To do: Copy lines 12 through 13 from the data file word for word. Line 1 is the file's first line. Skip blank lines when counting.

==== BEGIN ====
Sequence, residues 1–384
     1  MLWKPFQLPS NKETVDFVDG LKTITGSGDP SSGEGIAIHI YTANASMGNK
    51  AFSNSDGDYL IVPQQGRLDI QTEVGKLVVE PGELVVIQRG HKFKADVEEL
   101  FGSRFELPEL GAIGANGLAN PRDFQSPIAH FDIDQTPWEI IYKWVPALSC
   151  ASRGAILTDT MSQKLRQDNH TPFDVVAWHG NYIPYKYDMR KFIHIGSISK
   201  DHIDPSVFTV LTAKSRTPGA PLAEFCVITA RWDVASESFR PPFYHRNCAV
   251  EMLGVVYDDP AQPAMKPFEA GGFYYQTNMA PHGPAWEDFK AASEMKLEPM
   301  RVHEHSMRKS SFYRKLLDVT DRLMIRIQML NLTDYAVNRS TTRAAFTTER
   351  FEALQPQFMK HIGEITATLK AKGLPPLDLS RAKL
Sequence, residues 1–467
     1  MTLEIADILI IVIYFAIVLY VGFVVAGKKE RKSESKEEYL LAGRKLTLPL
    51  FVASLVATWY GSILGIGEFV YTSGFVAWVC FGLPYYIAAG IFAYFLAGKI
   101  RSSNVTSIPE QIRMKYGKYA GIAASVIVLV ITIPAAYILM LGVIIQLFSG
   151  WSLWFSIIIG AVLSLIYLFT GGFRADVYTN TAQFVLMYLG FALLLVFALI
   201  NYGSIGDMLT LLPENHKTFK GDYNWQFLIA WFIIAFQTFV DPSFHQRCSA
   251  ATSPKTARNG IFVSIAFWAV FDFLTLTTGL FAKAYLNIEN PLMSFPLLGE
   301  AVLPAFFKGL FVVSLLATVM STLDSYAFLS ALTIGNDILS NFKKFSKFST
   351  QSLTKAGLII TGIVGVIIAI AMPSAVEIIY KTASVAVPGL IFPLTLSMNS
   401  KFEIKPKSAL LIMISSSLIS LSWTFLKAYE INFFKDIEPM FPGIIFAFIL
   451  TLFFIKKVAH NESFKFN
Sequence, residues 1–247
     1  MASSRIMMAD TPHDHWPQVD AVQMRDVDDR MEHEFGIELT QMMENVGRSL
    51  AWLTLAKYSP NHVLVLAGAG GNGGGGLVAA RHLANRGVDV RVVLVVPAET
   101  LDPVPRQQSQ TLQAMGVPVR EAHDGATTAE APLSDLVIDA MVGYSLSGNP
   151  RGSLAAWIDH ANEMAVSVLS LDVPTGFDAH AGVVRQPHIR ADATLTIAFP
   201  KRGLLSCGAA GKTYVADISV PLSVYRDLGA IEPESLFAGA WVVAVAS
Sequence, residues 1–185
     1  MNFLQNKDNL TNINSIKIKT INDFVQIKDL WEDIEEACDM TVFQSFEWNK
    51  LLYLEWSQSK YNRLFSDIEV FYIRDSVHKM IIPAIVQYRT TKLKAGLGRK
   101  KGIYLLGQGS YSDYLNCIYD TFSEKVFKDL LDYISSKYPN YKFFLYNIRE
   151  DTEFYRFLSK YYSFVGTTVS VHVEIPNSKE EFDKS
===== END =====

    51  FVASLVATWY GSILGIGEFV YTSGFVAWVC FGLPYYIAAG IFAYFLAGKI
   101  RSSNVTSIPE QIRMKYGKYA GIAASVIVLV ITIPAAYILM LGVIIQLFSG